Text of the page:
March 26, 2018

Is Johan Camargo a Candidate to Continue to Exceed Expectations?

Johan Camargo is penciled in as the Braves’ starting thirdbaseman in 2018, at least to start the season.  But most evaluators view his ultimate role as that of a utility infielder.  He’s played all over the infield and even got into a game in leftfield in Atlanta last season.  He has the versatility and athleticism to have a role in the majors.  The question has always been whether Camargo will hit enough to be anything close to a major league regular.  In 538 minor league games, he posted a rather unimpressive slash line of .279/.333/.369, but hit .299/.331/.452 in 82 games in the majors last season.

We often look at players who didn’t perform all that well in the minors and assume they can’t possible perform all that well in the majors.  But, sometimes players’ improvements outpace their promotions and guys put up better stats in the majors than they did in the minors.  There are some indications Camargo may be one such player.

From a statistical standpoint, Camargo improved greatly from 2014 to 2015.  After a couple of seasons in rookie ball as a teenager in 2012 and 2013, his worst season of pro ball was 2014.  He played mostly Low-A ball in 2014, with some time in High-A.  The next season, his first full season in High-A in 2015, his numbers jumped.  He’s improved every season since, even though he’s been promoted steadily.

From a scouting perspective, Camargo has the size and athleticism that suggests projection and improvement.  He’s listed at 6 feet and 160 pounds, so he has the frame to add strength and weight (i.e., power).  He also has the athleticism to play shortstop and has for most of his minor league career.   The fact that he signed out of Panama means he’s been a project more than a finished product, even more so than other amateur players signed internationally.  Panama is not exactly a hotbed of amateur baseball talent.  When a player comes from a country without high-level amateur baseball competition, it may take him longer to get enough reps against quality competition to actualize his talent.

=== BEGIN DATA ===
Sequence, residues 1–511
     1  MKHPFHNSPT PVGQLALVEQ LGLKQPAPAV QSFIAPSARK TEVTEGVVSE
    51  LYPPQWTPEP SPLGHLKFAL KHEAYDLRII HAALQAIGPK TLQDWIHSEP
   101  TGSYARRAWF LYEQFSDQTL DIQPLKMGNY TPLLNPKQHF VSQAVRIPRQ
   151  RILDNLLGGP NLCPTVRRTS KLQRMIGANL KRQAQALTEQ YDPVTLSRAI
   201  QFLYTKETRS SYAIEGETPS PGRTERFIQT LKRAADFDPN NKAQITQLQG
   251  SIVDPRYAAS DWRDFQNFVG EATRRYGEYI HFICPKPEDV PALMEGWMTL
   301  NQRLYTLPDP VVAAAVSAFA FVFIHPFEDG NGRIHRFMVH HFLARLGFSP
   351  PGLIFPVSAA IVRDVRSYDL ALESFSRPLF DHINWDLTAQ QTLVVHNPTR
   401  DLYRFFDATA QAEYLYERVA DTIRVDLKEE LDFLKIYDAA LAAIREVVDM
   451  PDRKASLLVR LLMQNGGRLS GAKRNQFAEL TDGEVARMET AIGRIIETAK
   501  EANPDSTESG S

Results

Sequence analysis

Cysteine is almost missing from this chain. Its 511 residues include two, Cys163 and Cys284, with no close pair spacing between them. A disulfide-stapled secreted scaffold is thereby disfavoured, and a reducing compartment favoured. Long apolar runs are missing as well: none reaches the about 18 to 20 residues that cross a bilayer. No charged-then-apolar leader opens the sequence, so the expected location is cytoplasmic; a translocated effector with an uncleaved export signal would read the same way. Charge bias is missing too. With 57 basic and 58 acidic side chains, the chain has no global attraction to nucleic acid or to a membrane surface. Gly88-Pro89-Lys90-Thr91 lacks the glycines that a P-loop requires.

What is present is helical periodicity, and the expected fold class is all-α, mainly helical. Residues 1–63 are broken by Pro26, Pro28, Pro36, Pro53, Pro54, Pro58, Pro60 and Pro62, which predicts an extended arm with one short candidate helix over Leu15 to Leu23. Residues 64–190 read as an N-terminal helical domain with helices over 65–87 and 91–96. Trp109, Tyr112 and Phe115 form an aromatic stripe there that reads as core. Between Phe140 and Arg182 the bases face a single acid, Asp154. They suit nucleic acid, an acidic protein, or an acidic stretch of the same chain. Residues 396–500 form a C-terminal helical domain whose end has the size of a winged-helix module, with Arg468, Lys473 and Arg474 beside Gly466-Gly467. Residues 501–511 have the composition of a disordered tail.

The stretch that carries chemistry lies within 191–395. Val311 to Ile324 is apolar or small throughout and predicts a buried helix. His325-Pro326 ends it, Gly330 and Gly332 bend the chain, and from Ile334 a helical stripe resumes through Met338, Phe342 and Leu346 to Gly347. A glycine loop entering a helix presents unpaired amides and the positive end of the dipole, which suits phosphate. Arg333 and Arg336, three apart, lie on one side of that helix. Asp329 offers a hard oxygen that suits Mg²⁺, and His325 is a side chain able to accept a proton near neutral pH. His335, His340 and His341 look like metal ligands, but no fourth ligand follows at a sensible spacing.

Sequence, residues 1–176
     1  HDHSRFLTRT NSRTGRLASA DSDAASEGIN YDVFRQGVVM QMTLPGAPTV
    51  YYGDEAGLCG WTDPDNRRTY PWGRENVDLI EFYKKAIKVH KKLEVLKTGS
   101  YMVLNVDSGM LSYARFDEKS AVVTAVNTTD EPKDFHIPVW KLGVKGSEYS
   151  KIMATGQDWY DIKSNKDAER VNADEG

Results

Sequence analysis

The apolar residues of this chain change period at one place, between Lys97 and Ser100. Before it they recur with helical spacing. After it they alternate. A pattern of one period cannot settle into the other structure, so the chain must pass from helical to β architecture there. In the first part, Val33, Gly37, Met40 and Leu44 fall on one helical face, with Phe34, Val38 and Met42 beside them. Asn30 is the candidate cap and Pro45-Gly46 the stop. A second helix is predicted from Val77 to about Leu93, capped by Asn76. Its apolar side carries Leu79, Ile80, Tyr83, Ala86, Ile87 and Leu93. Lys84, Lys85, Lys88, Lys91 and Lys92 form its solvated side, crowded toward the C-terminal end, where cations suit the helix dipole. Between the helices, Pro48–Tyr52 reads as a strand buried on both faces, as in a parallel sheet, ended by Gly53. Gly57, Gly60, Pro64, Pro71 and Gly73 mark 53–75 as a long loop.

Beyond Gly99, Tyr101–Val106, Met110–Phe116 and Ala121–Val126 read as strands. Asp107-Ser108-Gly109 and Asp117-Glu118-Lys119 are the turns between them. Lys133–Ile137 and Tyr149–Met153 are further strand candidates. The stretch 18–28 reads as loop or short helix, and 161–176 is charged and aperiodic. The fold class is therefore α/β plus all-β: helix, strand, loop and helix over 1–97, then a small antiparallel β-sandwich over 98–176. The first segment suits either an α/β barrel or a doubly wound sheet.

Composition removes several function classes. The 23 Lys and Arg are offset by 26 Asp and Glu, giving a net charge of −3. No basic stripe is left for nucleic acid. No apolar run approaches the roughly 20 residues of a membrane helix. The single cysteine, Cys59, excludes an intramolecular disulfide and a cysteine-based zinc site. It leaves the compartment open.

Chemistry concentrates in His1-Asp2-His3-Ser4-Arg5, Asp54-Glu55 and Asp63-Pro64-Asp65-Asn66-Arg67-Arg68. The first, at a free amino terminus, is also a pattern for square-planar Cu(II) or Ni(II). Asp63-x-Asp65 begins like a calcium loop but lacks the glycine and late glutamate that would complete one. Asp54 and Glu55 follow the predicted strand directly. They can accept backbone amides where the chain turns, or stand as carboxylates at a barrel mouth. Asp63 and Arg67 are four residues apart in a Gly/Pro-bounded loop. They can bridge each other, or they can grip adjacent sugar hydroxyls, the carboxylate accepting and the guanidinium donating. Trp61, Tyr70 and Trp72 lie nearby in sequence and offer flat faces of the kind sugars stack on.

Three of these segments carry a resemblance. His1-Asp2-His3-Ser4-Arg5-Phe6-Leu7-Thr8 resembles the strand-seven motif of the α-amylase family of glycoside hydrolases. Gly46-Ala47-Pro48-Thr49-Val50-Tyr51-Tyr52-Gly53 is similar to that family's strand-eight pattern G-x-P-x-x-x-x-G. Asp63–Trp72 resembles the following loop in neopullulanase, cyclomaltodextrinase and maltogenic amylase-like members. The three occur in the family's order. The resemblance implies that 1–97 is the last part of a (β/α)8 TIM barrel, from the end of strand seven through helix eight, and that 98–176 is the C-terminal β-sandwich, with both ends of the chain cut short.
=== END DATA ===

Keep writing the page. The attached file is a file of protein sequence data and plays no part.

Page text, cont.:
On the flip side of all this, the bottom line is, regardless of the reasons, Camargo did not perform well in the minors offensively.  Even if he wasn’t able to hone his skills against top amateurs, of course it’s possible he won’t be able to make up that lack of development against quality competition as an amateur.  Also, his solid major league numbers in 2017 included a high batting average on balls in play, a walk rate of only 4.7 percent, and only 4 homeruns in 82 games.  His impressive stats may have been smoke and mirrors, although he did hit 21 doubles in 82 games.  But, he’ll need some of that doubles power to turn into homerun power.

Even those who are optimistic about Camargo’s future should realize his upside is limited.  He hasn’t posted high OBP’s since he was in the low minors, except for his solid performance last season in Triple-A and the majors.  But, again, the numbers last season were driven by high BABIP’s, even in Triple-A.  We tend to forget, though, that BABIP is a bit different for hitters than for pitchers.  While BABIP is more luck- and defense-driven for pitchers, hitters have a bit more direct influence on whether their batted balls turn into hits.  And it’s not as if Camargo’s high BABIP was a result of a bunch of seeing-eye singles.  Between Triple-A and the majors (and a game in Rookie ball) last season, he hit 30 doubles in 116 games.  Yes, if he puts up decent numbers again, they may be driven by BABIP but he may have some ability to consistently put up good BABIP’s.

It’s unreasonable to think Camargo is going to be some sort of star or even an above-average regular.  But, there’s some indication he can be more than just your typical utility infielder who can barely hold down a major league roster spot because of versatility and an ability to play shortstop.  The Braves are right to not just assume he’s that and to give him a shot to play everyday, once he’s healthy this season.

 

 

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